Thoughts on the Weekly Parshah by HaRav Eliezer Chrysler
Formerly Rav of Mercaz Ahavat Torah, Johannesburg

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Vol. 23   No. 48

This issue is sponsored
l'iluy Nishmas Betzalel ben Yitzchak Yaakov z"l
whose Yohrzeit is 2 Elul (5747)
by an anonymous donor

Parshas Re'ei

Releasing a Debt in the Sh'mitah-year

"Beware, lest you harbor an 'evil' thought in your heart, saying 'The seventh year, the Sh'mitah-year is approaching' and you will look malevolently upon your destitute brother, and you do not give (lend) him, then he will cry out against you to Hashem, and you will have a sin" (15:9).


The Gemara in Bava Metzi'a (62a) cites the opinion of ben Petura, who claimed that if two men are travelling in a desert, one of whom has a flask of water - just enough to keep one person alive, then they should both drink - even though it means that they will both die. Rebbi Akiva disagreed, and as proof that the owner is permitted to drink the water and save his life, he cited the Pasuk in B'har (25:36) - that writes, in connection with the prohibition against taking interest, "And your brother shall live with you". From the word "with you", Rebbi Akiva extrapolates (out of context) that your life takes precedence over that of your friend.


In view of that Gemara, we need to understand why, when it comes to lending a fellow-Jew money shortly before the Sh'mitah, the Torah warns against desisting to issue the loan, in spite of the fear that the Sh'mitah will cancel the loan. Why in this case is one obligated to lend the money - even though the borrower's gain is the lender's loss?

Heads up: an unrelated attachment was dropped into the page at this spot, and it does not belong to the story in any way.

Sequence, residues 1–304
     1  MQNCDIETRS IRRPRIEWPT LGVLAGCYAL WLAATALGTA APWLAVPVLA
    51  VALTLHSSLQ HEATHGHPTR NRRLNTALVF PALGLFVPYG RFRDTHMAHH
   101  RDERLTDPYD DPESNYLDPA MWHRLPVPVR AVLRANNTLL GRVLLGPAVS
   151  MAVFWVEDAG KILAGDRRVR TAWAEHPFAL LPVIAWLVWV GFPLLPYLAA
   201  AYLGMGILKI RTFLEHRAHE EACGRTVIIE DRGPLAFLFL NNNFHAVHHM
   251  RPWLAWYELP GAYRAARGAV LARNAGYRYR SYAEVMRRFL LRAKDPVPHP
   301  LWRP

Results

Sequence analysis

Bearing in mind the fact that Rebbi Akiva proves his point from the Pasuk concerning Ribis is a clear indication that the Torah draws no distinction between a matter of life and death and a financial one, so that cannot be the answer.


The difference between the two cases is twofold, and either, or both of them, will resolve the apparent contradiction. 1. The fact that whereas the obligation to lend one's friend money is confined to money that is spare, money that is not needed for one's Parnasah, the water in the first case was certainly needed by the owner. 2. Whereas in the case of the water, the owner would certainly have died had he shared it with his co-traveler, it is not at all certain that, if one loans one's friend before the Sh'mitah, the loan will not be repaid. Bear in mind that the borrower might well pay back the money, if not before the end of the Sh'mitah (when the debt becomes cancelled), then at a later date - since it is only demanding the debt that the Torah forbids, but not the voluntary repayment, which it even encourages.


There is another way of resolving the problem, in that the Din of the cancellation, based on the understanding that releasing a debt is merely a branch of the Din of Sh'mitah - indeed, the Torah uses the same term "Hashmatah" (cancelation) to describe it. Remember that the very basis of Sh'mitah is 'Bitachon', a reminder that the land belongs to Hakadosh-Baruch-Hu, a concept that requires one to relinquish one's ownership of the land, and to bear whatever losses that this might entail - losses that the Owner of the land will certainly recompense. And the same lesson will apply to debts; one must remember that all one's money and property belongs to Hashem, who has commanded that, like the land, in part at least, one must give up one's rights over it, and place oneself in His Hands.

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Parshah Pearls